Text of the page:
We'd have to devolve into Maoist China to reach more oppressive levels than we have now.

What would come of it? An oligarchy that has no respect for constitutional boundaries and legislates whatever they like? We already have that.


Tell that to the people in Iran. See if they will cry you a river.




The CIA overthrew their first elected government, Prime Minister Mosaddeq. See Operation Ajax.

We put the Ayatollah in power.

So I guess you'd be against the Iranian people rebelling against the Ayatollah since it would be "illegal" under Iranian law.


Heaven forbid the Iranians revolt and overthrow an oppressive government - that we put there!


[edit on 4-1-2010 by mnemeth1]



posted on Jan, 4 2010 @ 05:30 AM
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slightly off topic but I just had to say this about the Iranians.

Over time, the corrupt iron fist tyranny we installed as a government over the Iranian people has relaxed its grip and is actually doing many things that are in the best interest of the Iranian people.

They are moving to sell oil outside of the corrupt dollar system.

They are nationalizing their banks and getting rid of a lot of the corruption and usury abuses.

They aren't so tyrannical with their religious laws as they used to be.

Relatively speaking, the Iranians enjoy a decent existence compared to the Iraqi's.

Right now our CIA is back in there trying to overthrow the Ayatollah because he's not playing ball anymore. The selling of oil off the dollar system is a direct threat to the dollar and US global hegemony. The US can not stand by and let them do this.

If a revolt comes in Iran, it will not be from the people. It will be another CIA staged stunt in order to install an even more corrupt regime.

I think this time the CIA is having a much harder go of it because the Iranians learned their lesson the first time - and the internet makes a powerful tool of education.



[edit on 4-1-2010 by mnemeth1]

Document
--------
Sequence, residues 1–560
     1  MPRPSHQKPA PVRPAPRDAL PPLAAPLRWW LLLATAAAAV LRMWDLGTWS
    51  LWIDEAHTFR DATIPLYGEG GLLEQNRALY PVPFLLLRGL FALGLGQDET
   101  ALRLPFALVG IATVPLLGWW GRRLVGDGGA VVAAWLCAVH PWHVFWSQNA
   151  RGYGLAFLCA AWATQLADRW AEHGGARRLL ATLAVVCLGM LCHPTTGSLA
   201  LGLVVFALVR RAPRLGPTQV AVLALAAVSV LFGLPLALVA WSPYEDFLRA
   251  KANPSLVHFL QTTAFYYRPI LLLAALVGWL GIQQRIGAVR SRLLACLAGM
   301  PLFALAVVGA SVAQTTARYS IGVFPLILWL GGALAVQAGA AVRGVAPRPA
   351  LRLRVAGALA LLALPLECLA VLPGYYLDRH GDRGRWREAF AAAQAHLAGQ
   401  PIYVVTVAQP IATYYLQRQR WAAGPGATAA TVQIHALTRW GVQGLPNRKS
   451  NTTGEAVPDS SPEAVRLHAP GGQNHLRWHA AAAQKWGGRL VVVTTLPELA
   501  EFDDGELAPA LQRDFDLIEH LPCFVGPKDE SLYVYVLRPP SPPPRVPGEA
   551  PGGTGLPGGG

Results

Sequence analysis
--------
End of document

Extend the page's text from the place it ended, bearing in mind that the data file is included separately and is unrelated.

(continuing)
posted on Jan, 4 2010 @ 05:39 AM
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Something tells me the form of government those that would overthrow this government want to install will make the current government system in this country look like a utopia.

I can just imagine the nightmare the extreme right has in store for this country if they ever revolt.

Probably would make Hitler look like a gentle benevolent leader.



posted on Jan, 4 2010 @ 05:43 AM
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Originally posted by whatukno
Something tells me the form of government those that would overthrow this government want to install will make the current government system in this country look like a utopia.

I can just imagine the nightmare the extreme right has in store for this country if they ever revolt.

Probably would make Hitler look like a gentle benevolent leader.



I think your scared of the personal responsibility that would come under a constitutional government, thus fear a return to one.

You're not scared some dictator will take over, you're scared that all your pet programs will get shut down and handed back over to the public where they belong.

Socialist security - gone.
medicare - gone
no child left behind? - gone and double gone
federal gun, alcohol, and tobacco laws? - gone
federal drug laws - gone

all gone - under a constitutional government.


To the public school indoctrinated masses, the thought of this is terrifying.

They have been made dependent and now fear the responsibility that comes with such freedoms.



posted on Jan, 4 2010 @ 05:44 AM
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yes an armed revolution would be wrong to start on ATS, but gathering like minded people with weapons to form militias to protect against a tyranical government is a WHOLE 'nother story betty boop from the 1930's.